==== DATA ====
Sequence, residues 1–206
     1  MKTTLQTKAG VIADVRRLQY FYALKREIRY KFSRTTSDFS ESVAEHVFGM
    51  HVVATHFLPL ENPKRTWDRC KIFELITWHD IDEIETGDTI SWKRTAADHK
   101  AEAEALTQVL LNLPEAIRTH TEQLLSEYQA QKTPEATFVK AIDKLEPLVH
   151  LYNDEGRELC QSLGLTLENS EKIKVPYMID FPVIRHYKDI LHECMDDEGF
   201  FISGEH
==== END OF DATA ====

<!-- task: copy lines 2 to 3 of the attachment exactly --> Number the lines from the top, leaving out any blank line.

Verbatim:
     1  MKTTLQTKAG VIADVRRLQY FYALKREIRY KFSRTTSDFS ESVAEHVFGM
    51  HVVATHFLPL ENPKRTWDRC KIFELITWHD IDEIETGDTI SWKRTAADHK